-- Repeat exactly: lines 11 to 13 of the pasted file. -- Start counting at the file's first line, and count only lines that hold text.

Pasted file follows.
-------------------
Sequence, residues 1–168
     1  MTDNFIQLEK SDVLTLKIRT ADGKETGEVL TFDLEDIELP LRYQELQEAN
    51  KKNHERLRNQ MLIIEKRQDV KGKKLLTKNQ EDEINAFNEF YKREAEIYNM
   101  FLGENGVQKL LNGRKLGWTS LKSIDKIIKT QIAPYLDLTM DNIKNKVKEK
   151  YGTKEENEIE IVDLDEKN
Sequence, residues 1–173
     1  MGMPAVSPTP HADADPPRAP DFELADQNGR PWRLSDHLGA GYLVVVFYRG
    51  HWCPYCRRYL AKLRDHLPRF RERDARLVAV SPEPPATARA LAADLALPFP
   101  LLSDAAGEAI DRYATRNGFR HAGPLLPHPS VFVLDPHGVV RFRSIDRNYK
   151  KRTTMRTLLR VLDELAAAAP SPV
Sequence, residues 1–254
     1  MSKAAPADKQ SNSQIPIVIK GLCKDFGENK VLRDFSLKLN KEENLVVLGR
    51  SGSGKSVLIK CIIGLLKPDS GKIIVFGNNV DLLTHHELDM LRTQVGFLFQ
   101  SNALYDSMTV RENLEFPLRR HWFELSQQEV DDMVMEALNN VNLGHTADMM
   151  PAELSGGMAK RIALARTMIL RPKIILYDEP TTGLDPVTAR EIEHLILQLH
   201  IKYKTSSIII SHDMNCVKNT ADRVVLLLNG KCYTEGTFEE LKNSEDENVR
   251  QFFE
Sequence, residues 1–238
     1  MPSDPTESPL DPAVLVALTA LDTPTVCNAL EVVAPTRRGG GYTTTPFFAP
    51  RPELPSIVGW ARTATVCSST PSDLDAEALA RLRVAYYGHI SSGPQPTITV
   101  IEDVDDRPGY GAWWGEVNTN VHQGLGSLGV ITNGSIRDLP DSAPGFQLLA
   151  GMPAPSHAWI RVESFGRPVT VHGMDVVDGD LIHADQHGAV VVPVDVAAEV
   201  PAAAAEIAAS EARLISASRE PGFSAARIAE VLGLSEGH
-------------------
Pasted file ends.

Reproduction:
Sequence, residues 1–254
     1  MSKAAPADKQ SNSQIPIVIK GLCKDFGENK VLRDFSLKLN KEENLVVLGR
    51  SGSGKSVLIK CIIGLLKPDS GKIIVFGNNV DLLTHHELDM LRTQVGFLFQ